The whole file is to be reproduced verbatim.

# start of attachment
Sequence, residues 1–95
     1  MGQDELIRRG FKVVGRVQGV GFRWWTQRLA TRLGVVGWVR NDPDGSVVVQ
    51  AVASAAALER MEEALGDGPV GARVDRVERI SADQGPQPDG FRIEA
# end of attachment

Sequence, residues 1–95
     1  MGQDELIRRG FKVVGRVQGV GFRWWTQRLA TRLGVVGWVR NDPDGSVVVQ
    51  AVASAAALER MEEALGDGPV GARVDRVERI SADQGPQPDG FRIEA